More winners than losers over 12 years of monitoring tiger moths (Erebidae: Arctiinae) on Barro Colorado Island, Panama

Understanding the causes and consequences of insect declines has become an important goal in ecology, particularly in the tropics, where most terrestrial diversity exists. Over the past 12 years, the ForestGEO Arthropod Initiative has systematically monitored multiple insect groups on Barro Colorado Island (BCI), Panama, providing baseline data for assessing long-term population trends. Here, we estimate the rates of change in abundance among 96 tiger moth species on BCI. Population trends of most species were stable (n = 20) or increasing (n = 62), with few (n = 14) declining species. Our analysis of morphological and climatic sensitivity traits associated with population trends shows that species-specific responses to climate were most strongly linked with trends. Specifically, tiger moth species that are more abundant in warmer and wetter years are more likely to show population increases. Our study contrasts with recent findings indicating insect decline in tropical and temperate regions. These results highlight the significant role of biotic responses to climate in determining long-term population trends and suggest that future climate changes are likely to impact tropical insect communities.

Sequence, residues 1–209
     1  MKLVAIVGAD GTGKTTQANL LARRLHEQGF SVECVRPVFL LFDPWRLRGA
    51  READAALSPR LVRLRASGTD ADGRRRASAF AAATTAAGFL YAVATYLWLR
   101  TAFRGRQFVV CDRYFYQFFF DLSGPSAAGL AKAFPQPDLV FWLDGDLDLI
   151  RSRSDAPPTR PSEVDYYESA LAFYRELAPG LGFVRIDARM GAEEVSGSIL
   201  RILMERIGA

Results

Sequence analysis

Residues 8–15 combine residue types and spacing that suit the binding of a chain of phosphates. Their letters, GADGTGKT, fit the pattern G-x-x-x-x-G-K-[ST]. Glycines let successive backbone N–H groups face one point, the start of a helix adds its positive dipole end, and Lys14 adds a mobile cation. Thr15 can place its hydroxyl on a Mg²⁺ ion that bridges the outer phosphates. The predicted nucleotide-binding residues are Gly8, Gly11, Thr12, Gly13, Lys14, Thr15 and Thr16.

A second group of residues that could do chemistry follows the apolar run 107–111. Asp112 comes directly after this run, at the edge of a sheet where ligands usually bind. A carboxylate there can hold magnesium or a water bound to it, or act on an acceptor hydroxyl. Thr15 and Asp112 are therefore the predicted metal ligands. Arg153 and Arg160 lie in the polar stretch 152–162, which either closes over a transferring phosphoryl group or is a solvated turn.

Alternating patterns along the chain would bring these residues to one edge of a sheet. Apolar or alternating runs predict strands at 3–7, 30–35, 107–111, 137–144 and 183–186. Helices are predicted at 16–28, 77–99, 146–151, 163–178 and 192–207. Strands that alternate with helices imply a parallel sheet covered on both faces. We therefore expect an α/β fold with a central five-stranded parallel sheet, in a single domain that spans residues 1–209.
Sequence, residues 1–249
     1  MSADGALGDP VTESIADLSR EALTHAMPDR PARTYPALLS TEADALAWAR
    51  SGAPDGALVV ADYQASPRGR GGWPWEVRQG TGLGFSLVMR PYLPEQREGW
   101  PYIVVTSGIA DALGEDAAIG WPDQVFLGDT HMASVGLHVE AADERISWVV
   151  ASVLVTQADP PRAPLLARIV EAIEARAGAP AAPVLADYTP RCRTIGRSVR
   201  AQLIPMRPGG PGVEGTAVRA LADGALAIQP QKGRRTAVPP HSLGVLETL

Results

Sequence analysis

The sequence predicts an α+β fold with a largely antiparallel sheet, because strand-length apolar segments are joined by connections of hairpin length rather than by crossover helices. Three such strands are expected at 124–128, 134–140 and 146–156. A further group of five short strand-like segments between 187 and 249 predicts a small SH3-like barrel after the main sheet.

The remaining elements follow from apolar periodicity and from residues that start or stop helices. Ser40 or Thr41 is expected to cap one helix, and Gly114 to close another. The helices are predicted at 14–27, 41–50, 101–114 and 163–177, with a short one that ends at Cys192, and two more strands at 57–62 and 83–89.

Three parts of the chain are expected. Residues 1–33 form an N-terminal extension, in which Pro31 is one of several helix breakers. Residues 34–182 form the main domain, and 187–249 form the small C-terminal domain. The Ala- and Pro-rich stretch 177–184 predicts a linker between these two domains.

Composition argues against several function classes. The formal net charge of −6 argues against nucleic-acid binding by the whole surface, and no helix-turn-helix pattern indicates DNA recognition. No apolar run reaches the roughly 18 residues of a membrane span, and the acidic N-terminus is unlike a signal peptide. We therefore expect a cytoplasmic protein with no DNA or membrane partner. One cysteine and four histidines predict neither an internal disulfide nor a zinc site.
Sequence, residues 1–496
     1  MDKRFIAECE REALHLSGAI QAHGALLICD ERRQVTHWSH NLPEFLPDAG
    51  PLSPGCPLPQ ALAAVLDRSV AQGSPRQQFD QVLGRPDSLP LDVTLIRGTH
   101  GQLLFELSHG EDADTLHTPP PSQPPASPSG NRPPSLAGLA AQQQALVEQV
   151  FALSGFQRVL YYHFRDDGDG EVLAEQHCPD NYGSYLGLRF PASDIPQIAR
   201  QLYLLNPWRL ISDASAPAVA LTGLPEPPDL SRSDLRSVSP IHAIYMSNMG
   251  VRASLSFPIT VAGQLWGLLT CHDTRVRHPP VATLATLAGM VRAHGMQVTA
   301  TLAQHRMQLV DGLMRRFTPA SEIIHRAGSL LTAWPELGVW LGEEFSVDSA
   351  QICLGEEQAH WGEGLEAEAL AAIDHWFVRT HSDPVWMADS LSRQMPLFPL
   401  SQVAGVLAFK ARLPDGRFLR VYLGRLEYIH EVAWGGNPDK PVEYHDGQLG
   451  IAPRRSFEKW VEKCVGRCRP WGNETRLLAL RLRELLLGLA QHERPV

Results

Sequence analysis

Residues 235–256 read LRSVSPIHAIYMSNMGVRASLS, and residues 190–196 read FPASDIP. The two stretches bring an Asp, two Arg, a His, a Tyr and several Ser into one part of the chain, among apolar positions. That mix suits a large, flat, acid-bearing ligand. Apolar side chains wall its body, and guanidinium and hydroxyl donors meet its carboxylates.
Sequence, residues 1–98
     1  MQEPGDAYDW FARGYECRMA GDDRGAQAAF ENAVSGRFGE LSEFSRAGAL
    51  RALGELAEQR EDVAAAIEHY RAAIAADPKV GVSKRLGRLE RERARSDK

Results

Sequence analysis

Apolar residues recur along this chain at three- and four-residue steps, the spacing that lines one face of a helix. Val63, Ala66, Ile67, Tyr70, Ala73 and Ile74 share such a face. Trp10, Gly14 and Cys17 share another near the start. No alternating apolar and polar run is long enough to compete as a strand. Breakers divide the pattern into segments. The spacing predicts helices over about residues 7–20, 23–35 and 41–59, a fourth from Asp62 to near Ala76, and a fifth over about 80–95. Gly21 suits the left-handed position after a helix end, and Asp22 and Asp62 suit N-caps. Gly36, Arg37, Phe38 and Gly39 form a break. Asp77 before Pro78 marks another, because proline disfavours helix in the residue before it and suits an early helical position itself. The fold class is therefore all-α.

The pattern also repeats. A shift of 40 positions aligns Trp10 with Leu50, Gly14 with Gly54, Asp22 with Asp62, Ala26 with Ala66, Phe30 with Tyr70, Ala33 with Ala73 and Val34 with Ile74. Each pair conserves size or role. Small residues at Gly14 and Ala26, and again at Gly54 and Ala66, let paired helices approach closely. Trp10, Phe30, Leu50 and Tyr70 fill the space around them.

Greg P. A. Lamarre, Nicholas A. Pardikes, Simon Segar, Charles N. Hackforth, Michel Laguerre, Benoît Vincent, Yacksecari Lopez, Filonila Perez, Ricardo Bobadilla, José Alejandro Ramírez Silva, & Yves Basset
Biology Letters